Children, Families and the Internet
For Immediate Release
December 4, 2003
Sandy Baird, Wheeler Baird Group
2 MILLION AMERICAN CHILDREN HAVE THEIR OWN WEBSITES, BROAD INTERNET SURVEY SHOWS
“Children, Families and the Internet” Also Reveals Dissatisfaction with School Access
More than 2 million American children ages 6 -17 have their own personal websites today, a broad new Internet survey shows. According to data released today from “Children, Families and the Internet,” a survey by Grunwald Associates, this figure represents fully 10 percent of the 23 million kids who have Internet access from home today -- a threefold increase since 2000. Four in ten children online from home say they either have or plan to build their own sites. With the majority of kid site planners saying they’ll build within the next year or sooner, the researchers project that more than 6 million American children -- more than one in four of kids online from home -- will have their own personal websites by 2005.
“Children, Families and the Internet” is one of the deepest and broadest looks at American families and their Internet habits, attitudes, and interests. The survey reflects data obtained from four interrelated phone and online surveys Grunwald Associates conducted with thousands of children ages 6 to 17 and parents of children ages 2 to 17.
The group of kids who have or plan to build their own personal websites includes 44% of 13-17 year olds and even a third (32%) of 6-8 year olds. The study further reveals that girls are significantly more likely than boys to have their own sites today: 12.2% of girls online from home have sites today, versus only 8.6% of boys.
Peter Grunwald, President of Grunwald Associates, observes, “Previous generations of kids wrote earnest poetry, or joined rock bands to express themselves. Today’s kids do so by building personal websites. And they’re hungry for tools to help them build better, more engaging sites, and stay in closer touch with friends.”
“Grunwald Associates has been collecting longitudinal data on American children’s computer and Internet usage since 1995, and our research has consistently shown kids are getting increasingly sophisticated about how they use the medium in every way as they spend more and more time on it. They’re constantly raising the bar in terms of their expectations,” notes Tom de Boor, Grunwald Associates’ principal analyst.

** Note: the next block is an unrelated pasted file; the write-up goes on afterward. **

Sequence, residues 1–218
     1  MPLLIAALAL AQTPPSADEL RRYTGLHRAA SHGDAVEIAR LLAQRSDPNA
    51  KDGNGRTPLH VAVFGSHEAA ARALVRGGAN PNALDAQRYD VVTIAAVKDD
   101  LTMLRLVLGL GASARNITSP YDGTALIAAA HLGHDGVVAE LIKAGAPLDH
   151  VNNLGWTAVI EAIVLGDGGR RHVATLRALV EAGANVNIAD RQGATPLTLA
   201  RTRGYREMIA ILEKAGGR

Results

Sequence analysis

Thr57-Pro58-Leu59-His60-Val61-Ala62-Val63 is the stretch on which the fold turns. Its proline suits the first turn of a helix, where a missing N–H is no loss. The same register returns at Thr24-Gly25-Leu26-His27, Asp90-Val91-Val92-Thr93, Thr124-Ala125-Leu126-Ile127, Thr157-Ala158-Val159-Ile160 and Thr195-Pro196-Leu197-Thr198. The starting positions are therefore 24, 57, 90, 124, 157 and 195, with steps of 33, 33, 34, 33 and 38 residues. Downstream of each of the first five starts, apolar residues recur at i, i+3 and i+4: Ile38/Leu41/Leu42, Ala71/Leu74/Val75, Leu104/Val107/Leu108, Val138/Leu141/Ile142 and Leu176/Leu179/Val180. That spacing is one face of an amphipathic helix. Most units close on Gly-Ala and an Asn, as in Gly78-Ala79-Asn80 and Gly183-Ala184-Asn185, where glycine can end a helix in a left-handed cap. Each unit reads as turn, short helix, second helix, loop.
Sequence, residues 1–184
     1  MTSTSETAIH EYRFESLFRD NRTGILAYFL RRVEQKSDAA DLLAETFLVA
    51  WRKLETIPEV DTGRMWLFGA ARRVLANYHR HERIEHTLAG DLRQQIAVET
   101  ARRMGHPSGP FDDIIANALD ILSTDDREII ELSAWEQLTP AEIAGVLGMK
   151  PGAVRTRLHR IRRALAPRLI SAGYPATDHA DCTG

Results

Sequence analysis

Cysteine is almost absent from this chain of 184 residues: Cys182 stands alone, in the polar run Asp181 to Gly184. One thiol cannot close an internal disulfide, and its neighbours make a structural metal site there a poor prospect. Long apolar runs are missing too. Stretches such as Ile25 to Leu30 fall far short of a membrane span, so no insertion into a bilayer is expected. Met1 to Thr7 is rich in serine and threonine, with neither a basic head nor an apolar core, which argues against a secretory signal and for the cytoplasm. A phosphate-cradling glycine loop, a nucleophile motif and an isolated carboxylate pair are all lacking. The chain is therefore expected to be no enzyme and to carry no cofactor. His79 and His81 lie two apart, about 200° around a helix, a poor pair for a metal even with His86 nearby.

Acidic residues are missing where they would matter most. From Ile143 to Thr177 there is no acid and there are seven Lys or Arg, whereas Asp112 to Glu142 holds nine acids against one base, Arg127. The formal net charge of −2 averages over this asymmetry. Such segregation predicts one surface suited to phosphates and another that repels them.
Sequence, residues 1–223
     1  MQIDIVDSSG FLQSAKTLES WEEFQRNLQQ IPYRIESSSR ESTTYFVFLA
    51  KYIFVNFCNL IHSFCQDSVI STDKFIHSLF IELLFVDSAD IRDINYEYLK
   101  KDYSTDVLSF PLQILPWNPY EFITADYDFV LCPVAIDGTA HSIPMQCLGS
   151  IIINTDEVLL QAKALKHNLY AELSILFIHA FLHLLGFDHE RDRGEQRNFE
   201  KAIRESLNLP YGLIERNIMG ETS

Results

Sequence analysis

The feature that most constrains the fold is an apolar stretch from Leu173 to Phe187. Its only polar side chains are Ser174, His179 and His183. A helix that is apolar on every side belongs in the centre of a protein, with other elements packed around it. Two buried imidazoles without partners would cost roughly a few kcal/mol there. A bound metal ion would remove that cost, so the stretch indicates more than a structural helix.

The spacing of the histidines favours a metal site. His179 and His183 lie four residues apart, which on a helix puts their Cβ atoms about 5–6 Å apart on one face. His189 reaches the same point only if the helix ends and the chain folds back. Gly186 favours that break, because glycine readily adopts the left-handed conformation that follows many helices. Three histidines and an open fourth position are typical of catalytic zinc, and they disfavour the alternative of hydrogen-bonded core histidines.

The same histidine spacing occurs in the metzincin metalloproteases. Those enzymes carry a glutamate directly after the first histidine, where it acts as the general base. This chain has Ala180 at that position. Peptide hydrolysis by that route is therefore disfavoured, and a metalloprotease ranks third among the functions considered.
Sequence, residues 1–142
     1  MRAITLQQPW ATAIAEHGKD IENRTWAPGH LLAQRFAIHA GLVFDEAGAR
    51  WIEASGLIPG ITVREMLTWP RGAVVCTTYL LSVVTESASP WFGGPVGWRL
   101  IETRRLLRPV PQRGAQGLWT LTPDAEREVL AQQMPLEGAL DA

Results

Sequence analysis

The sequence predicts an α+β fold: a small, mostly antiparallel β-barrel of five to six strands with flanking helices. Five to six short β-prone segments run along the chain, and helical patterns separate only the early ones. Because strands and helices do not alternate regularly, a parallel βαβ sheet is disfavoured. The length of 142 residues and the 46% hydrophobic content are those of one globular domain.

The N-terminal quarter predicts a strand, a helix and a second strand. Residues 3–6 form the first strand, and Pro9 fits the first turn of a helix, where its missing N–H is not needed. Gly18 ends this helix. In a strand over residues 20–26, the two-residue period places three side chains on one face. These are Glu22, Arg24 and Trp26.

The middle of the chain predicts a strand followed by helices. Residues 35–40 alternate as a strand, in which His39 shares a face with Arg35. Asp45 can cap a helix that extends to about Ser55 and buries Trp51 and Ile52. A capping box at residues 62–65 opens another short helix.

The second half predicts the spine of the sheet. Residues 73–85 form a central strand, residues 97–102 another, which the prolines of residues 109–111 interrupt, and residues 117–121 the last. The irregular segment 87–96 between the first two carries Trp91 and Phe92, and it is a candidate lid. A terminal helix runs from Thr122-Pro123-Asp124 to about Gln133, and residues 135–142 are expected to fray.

High Expectations = Disappointing School Online Experience
When American kids go online from school, “Children, Families and the Internet” shows that many children are disappointed in the experience. A whopping 76% of kids with broadband Internet access at home say that their home connection is faster than their school connection. Even a majority (62%) of students with dial-up modem connections from home perceive their home connections to be about the same or faster than their school connections.
Both kids 6-17 and their parents are also expressing rising levels of frustration with the amount of time kids are getting online at school. Nearly half of kids online from home (49%) and more than a third of their parents (34%) say that kids are getting “too little time online” in their schools. This represents a doubling of dissatisfaction on the part of parents of 9-17 year olds and a near-doubling on the part of their children since 2000. In 2000 only 27% of 9-17 year olds thought they were getting too little time online in school, versus 50% today, while the percentage of parents of 9-17 year olds who are dissatisfied with their kids’ online time has risen from 17% to 34%.
About Grunwald Associates
Grunwald Associates is the research and consulting firm whose surveys on children, family and school use of technology and the Internet are considered the “gold standard” of market research on new information services in the home and school markets. The Company has been collecting longitudinal data on American children’s computer and Internet usage since 1995, the year it released “The American Learning Household Survey,” produced with FIND/SVP. In 1997, Grunwald released the ”1997 Children on the Internet” study (also produced with FIND/SVP), and in 2000 the firm released the “Children, Families and the Internet” study, which has become its flagship survey. The current “Children, Families and the Internet study completely updates and broadens the survey with new data, based on thousands of interviews with children ages 2-17 and their parents on topics ranging from Internet usage and attitudes, new technology usage, media consumption habits, and parental attitudes, needs and wants. Grunwald Associates’ “Schools and the Internet” study, conducted with the National School Boards Association, reveals school technology needs, plans and attitudes, based on a survey of school district leaders nationwide. In addition to industry-wide research, Grunwald Associates helps Fortune 500 and smaller clients by providing proprietary research, strategic counsel, and development assistance. More information is available at the firm's web site, http://grunwald.com.
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